Being a worker in the development sector keeps me travel-ready always. A recent UNICEF study on child rights situation took me to a village called “Kankadia” of Kendrapara district in coastal Odisha. The team was filled with a researcher’s enthusiasm in anticipation of finding some quality information. What we got there instead, was a first-hand account of an untold catastrophe – a tragic blow by the elements.
After nearly two hours of four-wheel ride (from Kendrapara district headquarters, we reached the village. Our target was the eleven families who were still living like refugees in their own village, simmering in the Red Cross shelter home just few meters from their burnt houses. 64 houses in the village had been ravaged by unbridled fire.
On that doomsday of June 5 2012, fire engulfed the village and spared nothing of the Sixty Four houses. Within a span of fifteen minutes everything was transformed into heaps of ash rubbles. All the Sixty Four affected families took shelter in the multipurpose Red Cross shelter home situated nearby. Relief did come, but in shifts and spurts. The victims spent the entire day and night outside in the fields. The village Sarpanch, MLA, MP, NGOs, government all did their bit in shaking off their responsibilities in the form of relief and compensation. But how long could one survive with the relief items? In six months time virtually nothing of the relief or the compensation was left with them. The one time sympathizers had no time to spare for them. Not a single fact finding team had, in these six months, ever enquired about them or the well being of their children. Now eleven families still remained in the Red Cross shelter fighting dearth, despair and gloom. They showed a future devoid of brightness that held no promise – education for their children, a missing item and access to healthcare, a luxury. For them the requirements remained basic – food, cloth and the shelter camp that they call it their home.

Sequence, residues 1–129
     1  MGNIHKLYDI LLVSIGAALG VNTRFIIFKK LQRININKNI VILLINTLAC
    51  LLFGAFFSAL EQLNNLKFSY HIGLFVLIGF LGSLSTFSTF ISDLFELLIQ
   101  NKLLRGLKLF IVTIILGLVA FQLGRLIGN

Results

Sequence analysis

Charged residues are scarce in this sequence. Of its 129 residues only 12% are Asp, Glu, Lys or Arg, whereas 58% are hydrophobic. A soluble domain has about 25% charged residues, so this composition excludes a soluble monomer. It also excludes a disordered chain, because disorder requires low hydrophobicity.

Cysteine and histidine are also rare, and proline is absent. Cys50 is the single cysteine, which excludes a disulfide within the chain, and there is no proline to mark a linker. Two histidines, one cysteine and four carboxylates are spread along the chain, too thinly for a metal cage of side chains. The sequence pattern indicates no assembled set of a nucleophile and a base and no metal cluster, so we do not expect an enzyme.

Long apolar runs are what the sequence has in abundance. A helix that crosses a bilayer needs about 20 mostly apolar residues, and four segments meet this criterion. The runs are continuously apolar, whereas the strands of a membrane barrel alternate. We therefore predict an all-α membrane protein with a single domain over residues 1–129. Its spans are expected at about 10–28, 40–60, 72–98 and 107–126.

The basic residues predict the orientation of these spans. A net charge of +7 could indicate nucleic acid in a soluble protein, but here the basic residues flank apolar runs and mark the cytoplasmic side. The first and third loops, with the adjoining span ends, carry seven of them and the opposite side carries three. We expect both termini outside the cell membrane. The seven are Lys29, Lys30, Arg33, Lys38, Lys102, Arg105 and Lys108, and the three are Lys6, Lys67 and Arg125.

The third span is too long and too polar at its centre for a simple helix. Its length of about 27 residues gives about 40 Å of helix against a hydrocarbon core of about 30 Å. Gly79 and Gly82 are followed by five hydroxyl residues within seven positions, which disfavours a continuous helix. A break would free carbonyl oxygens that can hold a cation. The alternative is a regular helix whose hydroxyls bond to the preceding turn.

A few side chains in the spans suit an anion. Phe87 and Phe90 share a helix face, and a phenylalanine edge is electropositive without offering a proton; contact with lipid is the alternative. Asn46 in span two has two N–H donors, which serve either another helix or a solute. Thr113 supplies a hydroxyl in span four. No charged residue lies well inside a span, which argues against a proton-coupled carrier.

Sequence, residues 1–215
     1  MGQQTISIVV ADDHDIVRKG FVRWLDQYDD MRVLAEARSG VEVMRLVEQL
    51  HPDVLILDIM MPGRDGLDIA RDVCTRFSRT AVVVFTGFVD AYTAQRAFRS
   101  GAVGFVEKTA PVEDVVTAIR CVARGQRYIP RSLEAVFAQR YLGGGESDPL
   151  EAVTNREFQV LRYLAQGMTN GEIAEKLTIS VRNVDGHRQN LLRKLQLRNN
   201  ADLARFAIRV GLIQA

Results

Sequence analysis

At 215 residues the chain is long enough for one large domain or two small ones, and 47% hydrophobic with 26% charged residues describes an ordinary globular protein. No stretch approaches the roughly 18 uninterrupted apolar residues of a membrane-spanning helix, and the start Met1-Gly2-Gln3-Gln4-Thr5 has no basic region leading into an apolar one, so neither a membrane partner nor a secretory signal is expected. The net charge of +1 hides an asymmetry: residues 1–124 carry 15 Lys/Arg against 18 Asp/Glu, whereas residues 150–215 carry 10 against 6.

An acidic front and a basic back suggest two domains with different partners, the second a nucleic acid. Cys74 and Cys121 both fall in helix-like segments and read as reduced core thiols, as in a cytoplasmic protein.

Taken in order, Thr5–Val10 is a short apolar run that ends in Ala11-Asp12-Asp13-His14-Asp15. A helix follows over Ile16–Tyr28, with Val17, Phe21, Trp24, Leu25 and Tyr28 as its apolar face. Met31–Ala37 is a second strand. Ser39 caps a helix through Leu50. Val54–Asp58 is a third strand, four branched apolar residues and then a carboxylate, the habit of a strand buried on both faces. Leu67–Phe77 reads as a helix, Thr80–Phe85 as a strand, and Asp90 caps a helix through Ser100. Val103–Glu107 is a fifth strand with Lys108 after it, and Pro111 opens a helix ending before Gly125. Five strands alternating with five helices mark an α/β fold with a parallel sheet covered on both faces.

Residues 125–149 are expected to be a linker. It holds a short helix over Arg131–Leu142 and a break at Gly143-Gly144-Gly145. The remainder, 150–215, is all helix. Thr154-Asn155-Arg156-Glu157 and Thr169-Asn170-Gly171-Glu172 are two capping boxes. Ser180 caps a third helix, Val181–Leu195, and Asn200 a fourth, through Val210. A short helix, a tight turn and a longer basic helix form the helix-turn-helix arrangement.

The fateful event was still raw in the minds of all the eleven families. Bijuli Devi poured out all her pent up emotions before us. Anger, frustration, sorrow, hopelessness, all drained freely through her eyes that gave rise to sporadic ululation. She listed out all the help received from each source with great accuracy as also the help they expected but did not receive. She lamented, “Such a great calamity has befallen us that in a single stroke we all have become street beggars.” Abject poverty now stared at their frail figures. Living hand to mouth, they could not remember when last time they had a sumptuous meal, or when their children had a new dress, or when they had celebrated a festival together.
For two to four families, crammed in a single room is causing great inconvenience. All of them – husband, wife, children, young girls, nephews, nieces, brother-in-laws, uncles, and aunts – have to sleep in the same place. The barriers of avoidance relationship are broken leaving young mothers and adolescent girls exposed to vulnerabilities. They dare not speak up or protest; rather they have tolerated abuse or misbehavior because they have nowhere else to go. The adolescent girls have to adjust with the torn and tattered dresses and are shy to come out as they do not have a good pair to wear. These girls have dreams too, of fairy tale wedding and luxurious life but no marriage proposal for them are forthcoming. Emotionally they are shattered as they feel themselves to be burdens on their parents.
The situation is even worse for the women folk. They are compelled to sacrifice their privacy while doing their regular works whether breast feeding their babies, bathing in the open, or washing clothes. Even cooking food is done in the open as it is not allowed inside the shelter building. If it rains they have to cook under an umbrella. Bijuli Devi adds, “We have thrown away our dignity also, as we have to shamelessly ask even for a sanitary napkin.” They have only one thing in mind – what would they feed the family with, how would they survive the day?
For the twenty odd children including children below five years of age staying in the shelter camp the future appears bleak. They are deprived of the most basic services required for survival and development. They do not get adequate nutrition, nor any quality education or healthcare. Few other affected families have settled in the Anganwadi center thus making ICDS non functional. For some children the mid day meals are the only food they get to eat. They want a playing space for themselves in the shelter premises as they are taunted by other villagers for putting up in the shelter camp for too long.
One part of the story – the relief part – gradually died out, and in six months a new part has started, that of struggle, of poverty, of rights and entitlements for 11 families who still stay in the shelter home with the hope of a new dawn. They are still searching for that gleam of hope among the ruins. One question troubled our minds while leaving the village – can we make any difference to their lives?